So I went to Syktyvkar. It was I would say an interesting experience. I was there for eight years, and I liked my time in Syktyvkar. It was interesting, it was a new place, and they really organized this university from scratch. Mostly they hired good young people from Leningrad and Moscow. There was a very nice atmosphere at the beginning. They were able to give me an apartment, which was very good, because in Leningrad getting your own apartment was difficult. But the great things in Syktyvkar became not so great because, as usual, bureaucracy takes over. The atmosphere became not as exciting.

*How was it mathematically for you there?*

Mathematically for me it was difficult, because I had a lot of teaching. I started out teaching 18 hours per week, which was quite a lot. Then they made me a chair — there was a department of mathematics and physics together, and I was chair of one mathematical part. I didn’t have much time. But it was okay, and I did some good work there.

#### Emigration: An extremely difficult decision

*Were you working on the Arnold Conjecture
in Syktyvkar?*

I was working on the Arnold Conjecture already at the beginning of my time in Syktyvkar. When I was finishing my dissertation, I was still collaborating with Gromov a lot.

By the way, Gromov left the USSR in 1974. In fact, at some point there was a chance that, instead of going to Stony Brook, he would come to Syktyvkar! As I told you, Gromov had this extremely badly paid position in Leningrad University. A good thing about this position was that he didn’t have many obligations, so he could just do mathematics. But it was not really a reasonably paid job. They made a condition for his promotion that he would spend some time in Syktyvkar. After that he could go back to Leningrad. My feeling was that he was really considering this. In Leningrad he didn’t really have any place to live — he was renting a room with his wife. He asked Leningrad University if they could give him a place to store his stuff while he worked in Syktyvkar. But of course nobody ever gave him anything. I don’t know if it was for this reason or another reason, but he decided against Syktyvkar. But he did visit Syktyvkar and talked to people there.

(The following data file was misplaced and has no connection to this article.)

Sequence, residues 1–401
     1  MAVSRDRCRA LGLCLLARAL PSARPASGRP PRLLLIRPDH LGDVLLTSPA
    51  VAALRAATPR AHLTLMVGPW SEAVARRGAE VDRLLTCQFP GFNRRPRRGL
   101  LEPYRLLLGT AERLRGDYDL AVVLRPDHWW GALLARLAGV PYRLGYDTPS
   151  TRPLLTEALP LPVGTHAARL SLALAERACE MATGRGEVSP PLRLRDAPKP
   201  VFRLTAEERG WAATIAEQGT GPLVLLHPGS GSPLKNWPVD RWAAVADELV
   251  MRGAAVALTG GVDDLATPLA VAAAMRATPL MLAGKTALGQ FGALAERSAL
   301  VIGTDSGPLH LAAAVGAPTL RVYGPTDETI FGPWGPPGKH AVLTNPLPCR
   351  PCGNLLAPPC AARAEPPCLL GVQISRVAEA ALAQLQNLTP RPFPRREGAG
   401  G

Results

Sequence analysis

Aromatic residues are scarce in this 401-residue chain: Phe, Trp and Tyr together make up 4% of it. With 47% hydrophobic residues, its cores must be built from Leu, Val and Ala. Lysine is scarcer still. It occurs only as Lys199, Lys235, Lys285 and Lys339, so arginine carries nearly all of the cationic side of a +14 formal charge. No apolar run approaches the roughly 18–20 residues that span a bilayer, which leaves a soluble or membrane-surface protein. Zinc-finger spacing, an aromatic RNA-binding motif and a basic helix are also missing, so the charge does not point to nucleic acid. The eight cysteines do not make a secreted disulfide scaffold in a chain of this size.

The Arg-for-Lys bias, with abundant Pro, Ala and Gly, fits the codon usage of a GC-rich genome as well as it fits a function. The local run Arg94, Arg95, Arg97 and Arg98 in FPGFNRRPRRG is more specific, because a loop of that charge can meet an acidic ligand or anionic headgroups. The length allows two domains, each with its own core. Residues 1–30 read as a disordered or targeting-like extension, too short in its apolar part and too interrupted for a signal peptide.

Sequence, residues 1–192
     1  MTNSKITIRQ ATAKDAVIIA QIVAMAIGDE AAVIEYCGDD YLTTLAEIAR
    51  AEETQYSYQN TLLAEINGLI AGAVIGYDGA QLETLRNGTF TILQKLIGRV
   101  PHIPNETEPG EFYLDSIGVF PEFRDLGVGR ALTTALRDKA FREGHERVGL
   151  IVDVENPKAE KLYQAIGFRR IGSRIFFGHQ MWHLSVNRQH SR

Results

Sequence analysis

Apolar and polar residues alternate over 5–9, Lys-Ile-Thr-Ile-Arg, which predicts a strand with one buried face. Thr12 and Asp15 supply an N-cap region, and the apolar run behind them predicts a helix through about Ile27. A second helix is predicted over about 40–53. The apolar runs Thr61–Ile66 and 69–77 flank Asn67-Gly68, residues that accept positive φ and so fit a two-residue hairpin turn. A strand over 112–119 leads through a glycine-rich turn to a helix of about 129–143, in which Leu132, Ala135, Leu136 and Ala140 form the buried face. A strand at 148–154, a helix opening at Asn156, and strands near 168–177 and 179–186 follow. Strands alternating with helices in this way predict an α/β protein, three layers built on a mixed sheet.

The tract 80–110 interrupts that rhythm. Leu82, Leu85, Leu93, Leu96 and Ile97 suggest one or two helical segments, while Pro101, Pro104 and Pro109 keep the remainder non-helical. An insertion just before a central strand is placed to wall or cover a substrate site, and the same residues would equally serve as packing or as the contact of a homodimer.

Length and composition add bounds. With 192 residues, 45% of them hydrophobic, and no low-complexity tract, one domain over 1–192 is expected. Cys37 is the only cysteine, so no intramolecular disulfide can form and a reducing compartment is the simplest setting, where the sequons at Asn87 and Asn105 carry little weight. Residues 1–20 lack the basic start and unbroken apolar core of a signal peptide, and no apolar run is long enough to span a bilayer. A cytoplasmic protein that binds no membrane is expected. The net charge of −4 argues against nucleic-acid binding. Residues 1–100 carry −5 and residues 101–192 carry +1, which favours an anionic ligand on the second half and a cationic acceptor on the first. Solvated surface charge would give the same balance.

That was in 1972. I think at that time, he decided he would leave the USSR. So he left Leningrad University and worked at various places, and then eventually emigrated.

*Did you think about emigrating at that
time?*

No, I didn’t think about it. In 1975, my brother and his family and our mother decided to emigrate. They left in December 1975. Eventually my brother found a job in California, so by 1976 they were in Palo Alto.

*What about your father?*

My father had already died by then. He died in an accident in 1968.

*Why did you not think about also going to
the US at that time?*